At last – the many thousand of folks – many of them celebrities – that participated in spy work for the US government are finally to get their due.
On August 14, 2008, the National Archives made public all the secret OSS files.
We are waiting to see the entire list because it should have the name of Nelson Ackerman Eddy on it!
WASHINGTON — Famed chef Julia Child shared a secret with Supreme Court Justice Arthur Goldberg and Chicago White Sox catcher Moe Berg at a time when the Nazis threatened the world.
They served in an international spy ring managed by the Office of Strategic Services, an early version of the CIA created in World War II by President Franklin Roosevelt.
The full secret comes out Thursday, all of the names and previously classified files identifying nearly 24,000 spies who formed the first centralized intelligence effort by the United States. The National Archives, which this week released a list of the names found in the records, will make available for the first time all 750,000 pages identifying the vast spy network of military and civilian operatives.
They were soldiers, actors, historians, lawyers, athletes, professors, reporters. But for several years during World War II, they were known simply as the OSS. They studied military plans, created propaganda, infiltrated enemy ranks and stirred resistance among foreign troops.
Some of those on the list have been identified previously as having worked for the OSS, but their personnel records never have been available before. Those records would show why they were hired, jobs they were assigned to and perhaps even missions they pursued while working for the agency.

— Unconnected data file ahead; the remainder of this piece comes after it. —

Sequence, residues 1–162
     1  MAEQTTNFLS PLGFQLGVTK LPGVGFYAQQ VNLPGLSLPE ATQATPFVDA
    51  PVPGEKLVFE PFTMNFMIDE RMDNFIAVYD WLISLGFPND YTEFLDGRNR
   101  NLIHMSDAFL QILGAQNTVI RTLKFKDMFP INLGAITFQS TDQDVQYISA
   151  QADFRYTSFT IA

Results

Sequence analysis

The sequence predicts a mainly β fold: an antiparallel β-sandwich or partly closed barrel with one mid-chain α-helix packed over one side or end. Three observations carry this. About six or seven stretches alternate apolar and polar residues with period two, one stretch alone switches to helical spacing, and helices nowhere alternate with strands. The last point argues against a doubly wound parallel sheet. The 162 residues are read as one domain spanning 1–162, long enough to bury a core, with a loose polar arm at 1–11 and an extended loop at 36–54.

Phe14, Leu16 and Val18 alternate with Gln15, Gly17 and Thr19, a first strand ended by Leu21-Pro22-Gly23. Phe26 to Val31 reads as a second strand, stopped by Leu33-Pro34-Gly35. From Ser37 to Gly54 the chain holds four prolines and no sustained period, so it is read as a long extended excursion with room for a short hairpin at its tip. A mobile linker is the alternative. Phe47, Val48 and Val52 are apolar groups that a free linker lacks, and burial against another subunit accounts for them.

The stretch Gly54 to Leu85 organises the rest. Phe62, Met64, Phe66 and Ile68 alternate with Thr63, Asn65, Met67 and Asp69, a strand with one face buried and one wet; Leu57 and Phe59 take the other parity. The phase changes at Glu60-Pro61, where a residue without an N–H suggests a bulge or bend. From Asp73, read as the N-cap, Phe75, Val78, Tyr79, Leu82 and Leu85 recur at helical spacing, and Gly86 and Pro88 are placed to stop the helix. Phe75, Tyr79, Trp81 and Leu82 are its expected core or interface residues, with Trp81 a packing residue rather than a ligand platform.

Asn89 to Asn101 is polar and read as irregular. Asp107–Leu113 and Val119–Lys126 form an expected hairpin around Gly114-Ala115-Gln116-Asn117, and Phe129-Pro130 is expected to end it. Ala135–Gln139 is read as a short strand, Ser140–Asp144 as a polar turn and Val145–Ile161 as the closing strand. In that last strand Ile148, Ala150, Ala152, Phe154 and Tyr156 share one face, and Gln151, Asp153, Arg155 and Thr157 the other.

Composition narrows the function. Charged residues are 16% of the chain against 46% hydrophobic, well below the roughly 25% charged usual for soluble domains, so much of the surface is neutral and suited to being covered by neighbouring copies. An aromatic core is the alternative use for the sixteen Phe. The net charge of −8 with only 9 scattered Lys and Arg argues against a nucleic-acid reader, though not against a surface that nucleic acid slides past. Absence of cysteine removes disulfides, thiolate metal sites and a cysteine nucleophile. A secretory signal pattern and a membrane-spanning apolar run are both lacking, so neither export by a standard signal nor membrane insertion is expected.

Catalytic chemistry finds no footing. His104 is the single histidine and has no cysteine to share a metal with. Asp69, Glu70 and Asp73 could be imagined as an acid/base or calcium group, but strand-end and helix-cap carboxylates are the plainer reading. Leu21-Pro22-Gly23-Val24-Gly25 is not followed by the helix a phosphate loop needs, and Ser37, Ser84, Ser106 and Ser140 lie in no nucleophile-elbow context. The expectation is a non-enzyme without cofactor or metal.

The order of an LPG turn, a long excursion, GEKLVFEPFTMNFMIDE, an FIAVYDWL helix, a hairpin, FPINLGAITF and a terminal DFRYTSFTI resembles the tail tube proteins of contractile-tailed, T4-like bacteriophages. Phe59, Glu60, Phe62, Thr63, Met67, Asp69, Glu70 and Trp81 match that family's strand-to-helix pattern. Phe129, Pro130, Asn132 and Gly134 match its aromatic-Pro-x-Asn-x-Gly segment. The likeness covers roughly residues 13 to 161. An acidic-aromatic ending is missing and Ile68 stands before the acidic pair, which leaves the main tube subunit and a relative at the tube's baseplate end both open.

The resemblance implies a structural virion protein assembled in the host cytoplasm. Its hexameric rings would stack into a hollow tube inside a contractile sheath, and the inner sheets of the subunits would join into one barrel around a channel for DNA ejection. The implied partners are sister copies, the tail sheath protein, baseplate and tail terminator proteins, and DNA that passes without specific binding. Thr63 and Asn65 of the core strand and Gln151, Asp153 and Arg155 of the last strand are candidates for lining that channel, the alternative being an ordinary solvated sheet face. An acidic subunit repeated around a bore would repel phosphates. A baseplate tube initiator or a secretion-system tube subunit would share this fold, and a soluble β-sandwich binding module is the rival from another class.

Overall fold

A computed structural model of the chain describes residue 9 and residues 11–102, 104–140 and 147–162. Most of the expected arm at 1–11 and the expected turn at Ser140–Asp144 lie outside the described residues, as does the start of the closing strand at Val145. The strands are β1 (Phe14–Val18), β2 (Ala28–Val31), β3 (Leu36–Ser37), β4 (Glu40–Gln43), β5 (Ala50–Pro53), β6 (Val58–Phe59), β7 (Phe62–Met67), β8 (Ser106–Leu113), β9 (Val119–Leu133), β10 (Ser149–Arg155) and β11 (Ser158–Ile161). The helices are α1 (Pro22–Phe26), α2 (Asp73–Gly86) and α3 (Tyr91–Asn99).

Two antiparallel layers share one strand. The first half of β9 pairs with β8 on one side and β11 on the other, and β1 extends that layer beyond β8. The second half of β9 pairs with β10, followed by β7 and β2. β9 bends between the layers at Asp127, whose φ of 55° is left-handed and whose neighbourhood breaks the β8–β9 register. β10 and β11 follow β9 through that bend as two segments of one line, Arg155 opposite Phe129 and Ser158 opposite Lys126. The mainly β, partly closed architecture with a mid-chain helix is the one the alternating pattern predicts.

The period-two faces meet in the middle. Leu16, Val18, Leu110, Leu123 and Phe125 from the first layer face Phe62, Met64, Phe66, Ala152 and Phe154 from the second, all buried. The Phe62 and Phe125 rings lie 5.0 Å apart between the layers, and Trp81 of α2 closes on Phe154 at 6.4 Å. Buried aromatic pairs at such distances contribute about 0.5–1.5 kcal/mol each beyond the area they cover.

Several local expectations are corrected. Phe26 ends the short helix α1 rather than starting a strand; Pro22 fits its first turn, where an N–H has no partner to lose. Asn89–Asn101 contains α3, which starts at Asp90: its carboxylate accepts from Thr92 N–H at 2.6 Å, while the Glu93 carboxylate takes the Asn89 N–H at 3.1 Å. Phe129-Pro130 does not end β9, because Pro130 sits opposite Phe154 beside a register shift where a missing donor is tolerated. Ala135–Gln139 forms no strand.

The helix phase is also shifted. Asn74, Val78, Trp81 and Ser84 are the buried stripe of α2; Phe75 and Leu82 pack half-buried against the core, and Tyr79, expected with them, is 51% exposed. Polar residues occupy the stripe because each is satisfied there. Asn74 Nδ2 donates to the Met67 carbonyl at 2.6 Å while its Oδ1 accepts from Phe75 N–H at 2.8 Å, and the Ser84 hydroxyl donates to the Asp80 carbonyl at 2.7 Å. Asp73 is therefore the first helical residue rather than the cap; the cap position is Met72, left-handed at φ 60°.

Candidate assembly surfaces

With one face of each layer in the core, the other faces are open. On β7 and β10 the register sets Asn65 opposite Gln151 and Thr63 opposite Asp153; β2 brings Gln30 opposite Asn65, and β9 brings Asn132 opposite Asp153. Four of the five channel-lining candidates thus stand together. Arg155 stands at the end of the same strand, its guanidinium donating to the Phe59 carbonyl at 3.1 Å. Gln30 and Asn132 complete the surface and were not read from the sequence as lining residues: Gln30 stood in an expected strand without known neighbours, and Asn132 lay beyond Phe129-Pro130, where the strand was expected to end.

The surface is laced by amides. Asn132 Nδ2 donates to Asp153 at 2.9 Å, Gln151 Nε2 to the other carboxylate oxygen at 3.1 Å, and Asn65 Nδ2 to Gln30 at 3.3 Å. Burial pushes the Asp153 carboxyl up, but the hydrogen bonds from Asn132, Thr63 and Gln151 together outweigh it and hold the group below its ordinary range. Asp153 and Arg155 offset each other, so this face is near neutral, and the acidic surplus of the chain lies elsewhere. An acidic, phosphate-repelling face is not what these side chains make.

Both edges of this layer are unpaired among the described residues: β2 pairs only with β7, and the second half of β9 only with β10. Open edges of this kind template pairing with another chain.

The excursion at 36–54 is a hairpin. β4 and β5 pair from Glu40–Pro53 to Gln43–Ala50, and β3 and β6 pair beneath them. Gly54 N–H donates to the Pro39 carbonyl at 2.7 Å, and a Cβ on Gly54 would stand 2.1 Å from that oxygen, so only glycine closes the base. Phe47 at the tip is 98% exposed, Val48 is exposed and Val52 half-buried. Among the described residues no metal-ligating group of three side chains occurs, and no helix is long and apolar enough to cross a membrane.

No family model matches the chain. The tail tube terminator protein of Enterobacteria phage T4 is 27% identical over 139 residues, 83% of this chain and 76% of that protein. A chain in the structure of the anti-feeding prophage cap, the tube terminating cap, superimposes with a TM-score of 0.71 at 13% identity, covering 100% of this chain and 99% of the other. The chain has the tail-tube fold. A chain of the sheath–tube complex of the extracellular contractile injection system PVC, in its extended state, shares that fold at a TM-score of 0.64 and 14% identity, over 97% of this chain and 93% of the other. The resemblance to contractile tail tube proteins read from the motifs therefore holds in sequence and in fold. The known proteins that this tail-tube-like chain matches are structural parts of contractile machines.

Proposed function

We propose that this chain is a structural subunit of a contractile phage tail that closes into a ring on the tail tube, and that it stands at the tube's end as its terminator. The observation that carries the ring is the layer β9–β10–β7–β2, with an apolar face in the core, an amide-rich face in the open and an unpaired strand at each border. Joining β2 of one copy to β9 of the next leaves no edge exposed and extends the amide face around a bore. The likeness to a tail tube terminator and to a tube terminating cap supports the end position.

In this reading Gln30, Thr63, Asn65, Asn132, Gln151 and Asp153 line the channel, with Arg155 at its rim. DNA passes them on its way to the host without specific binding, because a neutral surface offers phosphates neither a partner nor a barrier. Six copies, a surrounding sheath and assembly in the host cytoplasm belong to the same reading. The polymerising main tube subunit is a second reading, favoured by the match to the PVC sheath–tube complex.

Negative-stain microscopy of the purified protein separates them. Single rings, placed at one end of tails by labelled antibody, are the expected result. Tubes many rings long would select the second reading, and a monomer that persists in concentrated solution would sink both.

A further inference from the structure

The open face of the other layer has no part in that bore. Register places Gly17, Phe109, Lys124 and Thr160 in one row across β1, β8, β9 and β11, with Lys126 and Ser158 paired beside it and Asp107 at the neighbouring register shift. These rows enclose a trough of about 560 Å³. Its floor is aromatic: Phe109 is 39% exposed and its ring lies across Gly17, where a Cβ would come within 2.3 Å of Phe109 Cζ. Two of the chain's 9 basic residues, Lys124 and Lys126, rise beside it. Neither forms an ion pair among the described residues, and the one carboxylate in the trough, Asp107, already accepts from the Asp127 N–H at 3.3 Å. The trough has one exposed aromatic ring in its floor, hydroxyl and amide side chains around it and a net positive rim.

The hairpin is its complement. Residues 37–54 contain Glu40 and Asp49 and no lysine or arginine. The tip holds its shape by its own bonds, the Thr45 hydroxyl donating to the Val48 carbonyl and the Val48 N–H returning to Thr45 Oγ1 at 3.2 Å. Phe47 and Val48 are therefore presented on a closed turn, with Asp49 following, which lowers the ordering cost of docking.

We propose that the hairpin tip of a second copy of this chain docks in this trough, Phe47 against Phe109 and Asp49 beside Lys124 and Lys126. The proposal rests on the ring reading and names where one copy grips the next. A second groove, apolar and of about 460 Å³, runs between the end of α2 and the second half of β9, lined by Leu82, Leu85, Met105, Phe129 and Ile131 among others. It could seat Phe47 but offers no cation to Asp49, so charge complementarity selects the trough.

Among the more than 35,000 OSS personnel files are applications, commendations and handwritten notes identifying young recruits who, like Child, Goldberg and Berg, earned greater acclaim in other fields _ Arthur Schlesinger Jr., a historian and special assistant to President Kennedy; Sterling Hayden, a film and television actor whose work included a role in “The Godfather”; and Thomas Braden, an author whose “Eight Is Enough” book inspired the 1970s television series.
Other notables identified in the files include John Hemingway, son of author Ernest Hemingway; Quentin and Kermit Roosevelt, sons of President Theodore Roosevelt, and Miles Copeland, father of Stewart Copeland, drummer for the band The Police.
The release of the OSS personnel files uncloaks one of the last secrets from the short-lived wartime intelligence agency, which for the most part later was folded into the CIA after President Truman disbanded it in 1945.